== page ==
Rewards Programs Can Help Universities with Online Alumni Participation

Amanda Kohn by on Jan 04, 2016


What do Twitter, gift cards and Amy Schumer tickets have in common? Enterprising colleges are encouraging their alums to share social media content and complete other miscellaneous activities through rewards programs to unlock these prizes and more in cutting-edge efforts to boost alma-mater-alumni interactions over social media.

Rewards programs like these improve alumni relations by encouraging alum-to-alum and alum-to-alma-mater interactions instead of traditional email and phone solicitation. Rewards programs help foster a positive alumni-alma-mater relationship and improve alumni outreach as a whole by relying primarily on peer-to-peer contact and publicity to promote and engage alumni with relevant and unique content. Incentivizing participants to use their social networks to promote their alma maters also helps draw the attention of prospective new donors who might have ignored previous communications but are more likely to engage with content posted by friends and former classmates.

Here are three exemplary university rewards programs, either temporary or permanent, that helped boost alumni engagement and participation:

Sample Rutgers’ Scarlet Voice Rewards Program Facebook Post and Northeastern Rewards Program Reward

Boston University/Rutgers University: Both Boston University and Rutgers University launched similar alumni and supporter rewards programs to encourage users to become social media ambassadors to promote the universities’ giving days and other school-sponsored content. After joining the program using Twitter, Facebook or LinkedIn, social media ambassadors earn points for sharing official school content and generating retweets or shared links. Alumni who participated in BU’s Rhett Ralliers and Rutgers’ Scarlet Voice programs earned points by retweeting messages, re-sharing posts, using specified hashtags, following a sponsor on social networks, and accumulating user likes, shares or comments on the ambassador’s shared content. At the end of each school’s program, which ran for about a month, ambassadors who met point cutoffs were entered to win university prizes, including a prize pack of BU apparel and merchandise or a $25 gift card to the Rutgers University Alumni Association online store. Even though both schools integrated similar social media ambassador programs into their alumni sites, the Scarlet Voice program continues to offer monthly drawings for ambassadors and therefore encourages continued alumni participation whereas BU’s Rhett Ralliers rewards program was temporary and only lasted one month for its April 2015 Giving Day.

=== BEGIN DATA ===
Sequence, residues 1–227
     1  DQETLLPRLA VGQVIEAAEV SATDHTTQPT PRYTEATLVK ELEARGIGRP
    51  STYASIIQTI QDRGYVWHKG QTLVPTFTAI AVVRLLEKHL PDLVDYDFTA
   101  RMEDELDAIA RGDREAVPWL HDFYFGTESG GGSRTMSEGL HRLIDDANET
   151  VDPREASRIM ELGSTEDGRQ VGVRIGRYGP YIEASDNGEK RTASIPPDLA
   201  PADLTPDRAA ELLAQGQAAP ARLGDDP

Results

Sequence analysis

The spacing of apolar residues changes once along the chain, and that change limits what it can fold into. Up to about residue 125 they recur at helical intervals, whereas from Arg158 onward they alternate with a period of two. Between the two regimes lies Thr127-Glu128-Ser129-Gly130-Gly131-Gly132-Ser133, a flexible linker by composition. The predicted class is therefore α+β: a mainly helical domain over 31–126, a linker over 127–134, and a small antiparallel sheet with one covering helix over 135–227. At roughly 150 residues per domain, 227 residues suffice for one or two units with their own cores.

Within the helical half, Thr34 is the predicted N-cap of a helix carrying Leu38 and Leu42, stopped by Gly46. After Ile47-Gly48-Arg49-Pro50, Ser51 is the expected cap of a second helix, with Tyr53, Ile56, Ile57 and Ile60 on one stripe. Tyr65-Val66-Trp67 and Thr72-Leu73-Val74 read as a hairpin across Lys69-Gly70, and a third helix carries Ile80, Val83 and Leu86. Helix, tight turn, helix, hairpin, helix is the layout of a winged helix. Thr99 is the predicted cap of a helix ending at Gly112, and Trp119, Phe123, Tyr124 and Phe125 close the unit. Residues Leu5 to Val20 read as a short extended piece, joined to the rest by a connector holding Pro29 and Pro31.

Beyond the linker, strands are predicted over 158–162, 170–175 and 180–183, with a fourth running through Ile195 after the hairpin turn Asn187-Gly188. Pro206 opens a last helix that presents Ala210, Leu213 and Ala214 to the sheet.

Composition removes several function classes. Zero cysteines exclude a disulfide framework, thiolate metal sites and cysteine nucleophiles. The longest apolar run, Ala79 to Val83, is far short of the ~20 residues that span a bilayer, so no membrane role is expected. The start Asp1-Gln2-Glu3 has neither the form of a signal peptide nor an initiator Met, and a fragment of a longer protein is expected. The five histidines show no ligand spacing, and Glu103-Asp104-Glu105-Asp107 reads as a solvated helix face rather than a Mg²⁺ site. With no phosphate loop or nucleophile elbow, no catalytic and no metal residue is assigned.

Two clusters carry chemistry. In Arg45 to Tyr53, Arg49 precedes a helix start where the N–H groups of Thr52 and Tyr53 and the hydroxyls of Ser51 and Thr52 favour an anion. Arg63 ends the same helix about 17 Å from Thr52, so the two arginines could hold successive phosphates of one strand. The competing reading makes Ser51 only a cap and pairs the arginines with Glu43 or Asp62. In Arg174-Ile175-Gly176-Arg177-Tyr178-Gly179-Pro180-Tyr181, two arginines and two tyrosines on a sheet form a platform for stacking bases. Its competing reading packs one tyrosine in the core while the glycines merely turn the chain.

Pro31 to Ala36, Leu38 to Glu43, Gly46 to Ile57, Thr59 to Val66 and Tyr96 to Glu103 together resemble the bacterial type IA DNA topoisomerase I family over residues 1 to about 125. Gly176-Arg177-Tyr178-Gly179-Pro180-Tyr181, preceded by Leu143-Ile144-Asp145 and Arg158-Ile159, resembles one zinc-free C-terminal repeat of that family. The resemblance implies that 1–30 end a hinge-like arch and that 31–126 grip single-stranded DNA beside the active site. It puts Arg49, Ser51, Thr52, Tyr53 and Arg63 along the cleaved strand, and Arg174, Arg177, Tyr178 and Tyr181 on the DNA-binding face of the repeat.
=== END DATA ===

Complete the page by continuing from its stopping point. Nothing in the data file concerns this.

Scarlet Voice Homepage (Truncated)

Northeastern University: Taking a different tact than Rutgers and BU, in October Northeastern launched its new Northeastern Rewards program. This platform is a seemingly more permanent rewards program that allows alumni and other Northeastern supporters to complete a range of activities to earn rewards. Since Northeastern Rewards’ launch, nearly 1,000 individuals have signed up for the platform, which serves to promote school pride and advance online participation. Even though non-alumni can enroll in the program, the rewards and activities are clearly geared toward alums (e.g., submitting a graduation year or tagging other alumni in superlatives on Facebook). Users enroll in the program with Facebook accounts and can claim rewards after completing different activities listed within the platform. Users, however, do not earn generic rewards points like in Rutgers’ Scarlet Voice program. Program activities include following Northeastern on Twitter or Facebook, sharing a photo and providing opinions for upcoming events. The programs offers free Northeastern-themed mobile and desktop wallpapers and raffle entries for free tickets to see comedian Amy Schumer or the men’s hockey team’s 2016 Beanpot game.

Northeastern Rewards Platform Homepage (Truncated)

Even though all three rewards programs help improve alumni-alma-mater relationships, Northeastern Rewards stands out not only for its permanent nature but also because alumni can earn rewards by participating in both social media activities and other more traditional engagements like answering surveys. Despite BU’s and Rutgers’ rewards programs directly emailing the shared content to users to upload to social media, Northeastern houses its program within a separate platform, making the program activities and rewards more exclusive and allowing the school to collect up-to-date information on alums. Other schools looking to bolster alumni participation should consider launching their own rewards program because incentives can encourage and motivate alums to participate in different online activities. No matter what type of rewards program a school chooses to offer, however, the program will better alumni relations as a whole and foster a positive alumni-alma-mater relationship by encouraging participants to use their social networks to promote their alma maters and increase peer-to-peer contact online while encouraging school pride and engagement.

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About The Author

Amanda Kohn

Amanda is a Senior Research Associate for Alumni Monitor at Corporate Insight. Read more